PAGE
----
Thursday, April 26, 2007

The dog and duck

Many years ago a publican had an afternoon meeting with a tax inspector in his pub. The publican had been claiming tax relief in respect the upkeep of his 'guard dog' but the taxman was unwilling to concede that this was acceptable.

The publican replied that upstairs in the pub were both the dog and the lunchtime takings. He invited the taxman to go upstairs, on his own, and if the taxman returned with the takings the publican would agree to addback the disputed expenses. The taxman's response was to allow the expense in full.

My thanks to Barry Jefford of George Hay, Chartered Accountants, for the story which was told to him by his client, being the publican in question.

Monday, April 23, 2007

Gordon and the donkey

Many years ago a young Scot called Gordon bought a donkey from an old farmer for £100.00. The farmer agreed to deliver the donkey the next day. When the farmer drove up the next day, he said, "Sorry son, but I have some bad news...the donkey is on my truck, but he's dead."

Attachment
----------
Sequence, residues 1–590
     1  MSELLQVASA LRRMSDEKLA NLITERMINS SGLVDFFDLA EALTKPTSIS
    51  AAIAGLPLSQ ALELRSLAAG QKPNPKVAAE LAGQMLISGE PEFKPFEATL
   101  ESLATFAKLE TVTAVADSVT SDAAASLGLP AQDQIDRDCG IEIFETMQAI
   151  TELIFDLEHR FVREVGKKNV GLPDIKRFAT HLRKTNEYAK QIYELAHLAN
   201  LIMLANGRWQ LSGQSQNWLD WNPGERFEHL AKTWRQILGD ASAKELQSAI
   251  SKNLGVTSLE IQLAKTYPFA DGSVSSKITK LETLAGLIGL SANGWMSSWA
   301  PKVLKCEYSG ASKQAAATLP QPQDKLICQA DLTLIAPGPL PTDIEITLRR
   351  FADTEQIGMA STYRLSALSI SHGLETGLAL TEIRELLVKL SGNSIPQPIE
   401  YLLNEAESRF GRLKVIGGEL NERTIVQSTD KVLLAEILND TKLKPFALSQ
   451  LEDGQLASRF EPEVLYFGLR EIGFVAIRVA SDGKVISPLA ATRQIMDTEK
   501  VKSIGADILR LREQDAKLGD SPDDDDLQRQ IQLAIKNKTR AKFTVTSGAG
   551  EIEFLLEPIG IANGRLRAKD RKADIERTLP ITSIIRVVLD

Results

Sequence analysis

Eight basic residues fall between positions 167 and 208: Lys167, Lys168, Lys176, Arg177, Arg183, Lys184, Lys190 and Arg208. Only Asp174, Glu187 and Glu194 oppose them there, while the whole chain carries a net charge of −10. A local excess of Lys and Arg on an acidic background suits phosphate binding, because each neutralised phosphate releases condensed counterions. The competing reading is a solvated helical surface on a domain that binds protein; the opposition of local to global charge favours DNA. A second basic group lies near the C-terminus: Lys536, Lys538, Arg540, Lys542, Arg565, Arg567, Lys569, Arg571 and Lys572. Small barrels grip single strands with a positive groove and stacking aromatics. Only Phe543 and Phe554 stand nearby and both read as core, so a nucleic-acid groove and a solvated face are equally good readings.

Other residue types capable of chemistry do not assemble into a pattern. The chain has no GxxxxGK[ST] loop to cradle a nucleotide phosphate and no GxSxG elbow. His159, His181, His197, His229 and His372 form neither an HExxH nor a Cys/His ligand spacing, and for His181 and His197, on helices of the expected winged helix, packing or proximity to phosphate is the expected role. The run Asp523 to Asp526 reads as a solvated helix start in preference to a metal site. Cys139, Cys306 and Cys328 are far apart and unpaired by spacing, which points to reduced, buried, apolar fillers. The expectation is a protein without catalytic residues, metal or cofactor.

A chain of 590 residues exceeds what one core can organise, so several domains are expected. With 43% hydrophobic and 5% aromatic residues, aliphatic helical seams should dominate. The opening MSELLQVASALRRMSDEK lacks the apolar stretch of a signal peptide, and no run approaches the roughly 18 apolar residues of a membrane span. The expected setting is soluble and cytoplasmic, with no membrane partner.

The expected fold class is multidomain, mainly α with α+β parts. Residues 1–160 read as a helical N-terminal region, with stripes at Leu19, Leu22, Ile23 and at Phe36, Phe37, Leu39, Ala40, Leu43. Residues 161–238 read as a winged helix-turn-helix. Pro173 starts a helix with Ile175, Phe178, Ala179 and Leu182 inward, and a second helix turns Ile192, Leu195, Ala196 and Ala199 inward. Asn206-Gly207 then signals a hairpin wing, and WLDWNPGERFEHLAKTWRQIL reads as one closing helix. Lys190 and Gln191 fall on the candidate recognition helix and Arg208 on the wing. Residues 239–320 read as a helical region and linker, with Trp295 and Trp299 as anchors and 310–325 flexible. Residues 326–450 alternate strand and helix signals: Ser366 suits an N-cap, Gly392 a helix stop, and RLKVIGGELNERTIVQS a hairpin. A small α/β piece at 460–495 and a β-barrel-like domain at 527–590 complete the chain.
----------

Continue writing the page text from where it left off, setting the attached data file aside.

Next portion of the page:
The young Scotsman replied, "Well then, just give me my money back." The farmer confessed, "I can't do that. I've already spent it." The Scotsman said, "OK then, just unload the donkey anyway". The farmer asked, "What are you going to do with him?" The young man said, "I'm going to raffle him off." To which the farmer exclaimed, "You can't raffle off a dead donkey!" But the Scot, with a big smile on his face, said "Of course I can. Just watch me. I just won't tell anybody that he's dead."

A month later the two met up again and the farmer asked, "What happened with that dead donkey?"

The young Scot said, "I raffled him off. I sold 500 tickets at two pounds a piece and made a huge profit." Totally amazed, the farmer asked, "Didn't anyone complain that you had stolen their money because you lied about the donkey being dead?" And the young man replied, "The only person who found out about the donkey being dead was the raffle winner, when he came to claim his prize. So I gave him his £2 back plus £200 extra, which is double the going value of a donkey, and he thought I was wonderful."